It is almost unheard of for a self-funded pharmaceutical company to discover a drug and prepare to enter it into Phase 3 clinical trials, but Winston Ko, founder of Genervon Biopharmaceuticals LLC, a biotech company in Pasadena, California, has succeeded in doing that.
As a result, Ko is in the middle of publicising his company’s line of drugs that target diseases hitting the central nervous system.
Ko speaks at prestigious drug industry conference
Ko’s campaign looks as if it could be quite successful given the news three months ago that Pfizer Inc. (NYSE:PFE) plans to end its research efforts to discover new drugs for Alzheimer’s and Parkinson’s diseases. Pfizer’s retreat from these areas throws up the opportunity for Genervon to introduce GM6, its lead drug which treats multiple symptoms of a range of deadly diseases -- from Alzheimer’s, Parkinson’s and Huntington’s to amyotrophic lateral sclerosis (ALS) and multiple sclerosis.
Indeed, Ko was invited to speak on not one subject, but two at this month’s 20th annual meeting of the American Society for Experimental Neurotherapeutics (ASENT), whose goal is to advance the development of improved therapies for diseases and disorders of the nervous system. While there, he presented Genervon’s therapy for ALS, also knows as Lou Gehrig's disease, and illustrated how GM6 affects multiple pathological conditions in ALS and other neurodegenerative diseases. Ko also presented Genervon’s full pipeline based on its GM6 endogenous regulator platform, which may regulate multiple symptoms of patients suffering from diseases of the central nervous system.
In science parlance, GM6 is an endogenous embryonic stage multi-target cationic regulator peptide consisting of six amino acids and it forms the basis for Genervon’s entire line of drugs.
It has been 20 years since the company’s scientists looked for and discovered what they believe is the regulator of the development of the human nervous system, called the MNTF (motoneuronotrophic factor) and its active fragment, GM6. MNTF is present in the body since conception and reaches its highest levels in week nine of a fetus, but remains present in adult tissue. This explains why humans do not reject the injection of MNTF or its fragments like GM6 for therapeutic purposes.
“The body recognizes this regulator. So, it can be reintroduced for healing and repair,” explains Ko. “Humans aren’t smart enough to design a multi-target drug”.
GM6: A multi-target drug
From the start, Genervon scientists have argued that a multi-target drug that addresses a range of symptoms of a disorder -- not the traditional single-target one, which zeroes in on one factor of the disease -- is the answer to curing central nervous system (CNS) and neurodegenerative (ND) diseases and disorders, which have multiple biological causes and symptoms.
The focus on the development of single-target drugs continues to result in clinical trial failures, says Ko.
Genervon has shown some promise in proving the effectiveness of its drugs. A proof-of-concept, randomized, placebo-controlled Phase 2A trial of GM604 -- the version created for Lou Gehrig’s disease -- was conducted at Massachusetts General Hospital and New York Presbyterian/Columbia University Medical Center, with 12 patients suffering from ALS reporting positive signals despite the small trial size.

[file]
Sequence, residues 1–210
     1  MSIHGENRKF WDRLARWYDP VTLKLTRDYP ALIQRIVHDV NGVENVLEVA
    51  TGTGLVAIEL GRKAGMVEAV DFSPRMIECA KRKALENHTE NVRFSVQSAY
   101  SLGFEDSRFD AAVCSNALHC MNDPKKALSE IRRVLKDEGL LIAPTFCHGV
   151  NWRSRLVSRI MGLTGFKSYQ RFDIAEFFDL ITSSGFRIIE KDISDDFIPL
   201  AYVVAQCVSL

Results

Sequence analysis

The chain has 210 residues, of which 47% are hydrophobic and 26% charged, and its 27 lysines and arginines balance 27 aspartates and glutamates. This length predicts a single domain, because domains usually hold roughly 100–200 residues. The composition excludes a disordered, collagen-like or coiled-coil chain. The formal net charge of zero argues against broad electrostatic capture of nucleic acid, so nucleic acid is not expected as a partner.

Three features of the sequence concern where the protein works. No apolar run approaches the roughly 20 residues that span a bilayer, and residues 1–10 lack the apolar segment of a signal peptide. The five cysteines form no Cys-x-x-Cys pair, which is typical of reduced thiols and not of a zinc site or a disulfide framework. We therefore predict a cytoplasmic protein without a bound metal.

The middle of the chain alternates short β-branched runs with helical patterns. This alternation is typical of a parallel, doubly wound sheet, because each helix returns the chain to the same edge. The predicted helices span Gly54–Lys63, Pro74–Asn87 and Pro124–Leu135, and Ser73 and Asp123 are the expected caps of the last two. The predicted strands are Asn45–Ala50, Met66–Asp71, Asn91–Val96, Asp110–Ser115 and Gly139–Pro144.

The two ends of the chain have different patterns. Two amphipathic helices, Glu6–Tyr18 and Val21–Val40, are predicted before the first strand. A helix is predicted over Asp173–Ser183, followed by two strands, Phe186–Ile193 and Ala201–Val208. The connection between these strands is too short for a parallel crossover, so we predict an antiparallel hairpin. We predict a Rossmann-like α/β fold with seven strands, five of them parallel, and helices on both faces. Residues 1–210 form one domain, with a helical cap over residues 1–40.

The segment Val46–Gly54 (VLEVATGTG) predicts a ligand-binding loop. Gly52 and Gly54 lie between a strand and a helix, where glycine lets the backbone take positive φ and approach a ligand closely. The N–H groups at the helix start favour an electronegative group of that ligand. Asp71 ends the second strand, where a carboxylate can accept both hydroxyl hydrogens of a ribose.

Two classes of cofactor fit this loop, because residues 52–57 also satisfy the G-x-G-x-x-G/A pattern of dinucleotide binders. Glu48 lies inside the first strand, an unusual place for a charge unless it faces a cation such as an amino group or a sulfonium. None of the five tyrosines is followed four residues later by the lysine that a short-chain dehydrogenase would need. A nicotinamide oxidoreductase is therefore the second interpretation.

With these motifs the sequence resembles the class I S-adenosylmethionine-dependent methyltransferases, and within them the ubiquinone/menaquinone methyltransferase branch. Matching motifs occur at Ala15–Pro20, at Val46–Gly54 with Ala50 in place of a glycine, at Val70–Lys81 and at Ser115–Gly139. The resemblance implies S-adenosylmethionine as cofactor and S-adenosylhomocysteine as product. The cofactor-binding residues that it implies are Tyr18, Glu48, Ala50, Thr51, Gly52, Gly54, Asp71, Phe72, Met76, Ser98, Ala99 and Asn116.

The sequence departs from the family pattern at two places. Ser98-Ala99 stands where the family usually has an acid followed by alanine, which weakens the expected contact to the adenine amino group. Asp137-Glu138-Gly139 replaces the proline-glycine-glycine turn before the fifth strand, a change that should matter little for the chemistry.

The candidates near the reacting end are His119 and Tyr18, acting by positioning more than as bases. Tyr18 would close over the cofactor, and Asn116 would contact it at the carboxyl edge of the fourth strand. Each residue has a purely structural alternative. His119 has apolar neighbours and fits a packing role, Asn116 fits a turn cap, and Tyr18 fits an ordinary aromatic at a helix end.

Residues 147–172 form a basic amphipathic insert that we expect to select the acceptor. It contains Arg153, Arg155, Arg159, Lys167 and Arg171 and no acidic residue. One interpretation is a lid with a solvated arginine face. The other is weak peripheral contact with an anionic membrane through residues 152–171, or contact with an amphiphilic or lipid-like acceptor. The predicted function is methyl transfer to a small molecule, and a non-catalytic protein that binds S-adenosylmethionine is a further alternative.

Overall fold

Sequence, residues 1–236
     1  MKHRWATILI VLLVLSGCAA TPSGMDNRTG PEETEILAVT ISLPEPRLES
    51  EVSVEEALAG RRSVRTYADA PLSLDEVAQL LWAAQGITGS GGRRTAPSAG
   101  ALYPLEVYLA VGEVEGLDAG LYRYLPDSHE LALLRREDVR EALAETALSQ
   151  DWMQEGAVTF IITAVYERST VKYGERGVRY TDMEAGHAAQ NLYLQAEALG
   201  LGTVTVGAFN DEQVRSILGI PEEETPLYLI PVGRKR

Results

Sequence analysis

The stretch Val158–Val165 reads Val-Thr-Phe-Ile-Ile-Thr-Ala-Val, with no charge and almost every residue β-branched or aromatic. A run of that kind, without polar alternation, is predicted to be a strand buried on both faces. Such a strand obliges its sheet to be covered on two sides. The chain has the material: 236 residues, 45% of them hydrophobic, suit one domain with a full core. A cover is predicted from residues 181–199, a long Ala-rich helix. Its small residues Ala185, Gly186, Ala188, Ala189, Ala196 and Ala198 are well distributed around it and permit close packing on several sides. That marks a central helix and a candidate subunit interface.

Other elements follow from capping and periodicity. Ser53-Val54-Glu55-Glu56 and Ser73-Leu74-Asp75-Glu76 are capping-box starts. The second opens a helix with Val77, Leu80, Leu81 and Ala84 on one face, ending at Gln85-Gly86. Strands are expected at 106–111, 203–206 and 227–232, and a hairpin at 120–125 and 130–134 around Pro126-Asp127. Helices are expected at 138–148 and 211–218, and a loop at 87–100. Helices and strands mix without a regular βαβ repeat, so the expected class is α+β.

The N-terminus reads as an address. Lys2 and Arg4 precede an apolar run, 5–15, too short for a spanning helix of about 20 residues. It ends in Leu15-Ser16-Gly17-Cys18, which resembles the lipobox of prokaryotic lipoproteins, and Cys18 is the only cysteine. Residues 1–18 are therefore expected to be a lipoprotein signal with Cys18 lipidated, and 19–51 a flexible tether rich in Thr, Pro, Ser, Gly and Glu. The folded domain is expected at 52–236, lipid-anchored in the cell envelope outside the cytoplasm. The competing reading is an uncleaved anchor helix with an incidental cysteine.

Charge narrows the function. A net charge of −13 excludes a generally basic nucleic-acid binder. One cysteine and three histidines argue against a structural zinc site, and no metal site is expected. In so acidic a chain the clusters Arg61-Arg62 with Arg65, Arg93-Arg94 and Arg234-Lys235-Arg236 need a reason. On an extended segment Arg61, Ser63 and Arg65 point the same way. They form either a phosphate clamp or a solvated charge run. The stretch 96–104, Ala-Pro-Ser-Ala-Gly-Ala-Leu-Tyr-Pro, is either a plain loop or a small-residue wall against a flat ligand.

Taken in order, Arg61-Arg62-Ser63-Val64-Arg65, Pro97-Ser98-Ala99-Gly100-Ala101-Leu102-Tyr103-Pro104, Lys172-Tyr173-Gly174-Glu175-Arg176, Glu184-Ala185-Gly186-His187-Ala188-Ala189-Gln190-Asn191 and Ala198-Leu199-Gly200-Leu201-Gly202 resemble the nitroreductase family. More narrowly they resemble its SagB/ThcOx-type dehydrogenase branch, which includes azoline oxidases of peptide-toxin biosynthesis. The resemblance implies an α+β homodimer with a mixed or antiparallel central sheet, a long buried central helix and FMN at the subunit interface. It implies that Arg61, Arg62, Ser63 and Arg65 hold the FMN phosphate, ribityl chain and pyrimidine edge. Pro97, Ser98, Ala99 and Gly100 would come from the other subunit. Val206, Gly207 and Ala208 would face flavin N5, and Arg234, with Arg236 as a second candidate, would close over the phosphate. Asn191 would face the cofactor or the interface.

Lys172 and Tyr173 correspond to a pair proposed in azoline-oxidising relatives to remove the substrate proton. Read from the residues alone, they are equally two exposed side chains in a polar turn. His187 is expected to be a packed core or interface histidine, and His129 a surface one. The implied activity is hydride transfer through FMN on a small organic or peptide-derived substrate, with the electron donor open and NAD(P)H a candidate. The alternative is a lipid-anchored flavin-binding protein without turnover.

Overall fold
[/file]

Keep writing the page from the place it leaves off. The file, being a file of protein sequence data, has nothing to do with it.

“The trial … clearly demonstrates that the genes involved in ALS, and the biomarkers of the disease showed favourable expression shift upon treatment with GM604,” according to peer review comments published in F1000Research, an open research publishing platform for life scientists. “This also shows the evidence that the GM604 was able to alter the expression of certain ALS genes and its biomarkers in the positive direction, an evidence not shown before with any drug in the market for ALS treatment.”
Genervon’s scientists are pushing ahead with the Phase 3 trial of GM604 under guidelines established by the U.S. Food and Drug Administration.
Genervon -- which holds more than 80 global patents for MNTF as well as GM6 and its related drug varieties -- is working on conducting a Phase 3 trial for Lou Gehrig’s disease with GM604 to meet the FDA’s requirements and is Phase 2 ready for multiple sclerosis, Parkinson’s, Alzheimer’s, and Huntington’s diseases.
Opportunity in the drug industry
Given the shift away from drugs for Alzheimer’s and Parkinson’s disease by pharmaceutical companies, Ko thinks this may be the time for the industry’s acceptance of Genervon’s therapies and hopes other drug companies will work with Genervon to bring GM6 to market.
“What distinguishes GM6 as a curative and transformational therapeutic is that it is an endogenous, multi-target regulator peptide drug.” Ko concludes, “After 20 years of funding our own discovery, R&D, and drug development, Genervon is ready for partners in the pharmaceutical industry to help advance GM6 from a development-stage drug-candidate to marketable therapies for the many victims of neurodegenerative diseases and disorders who desperately need help.”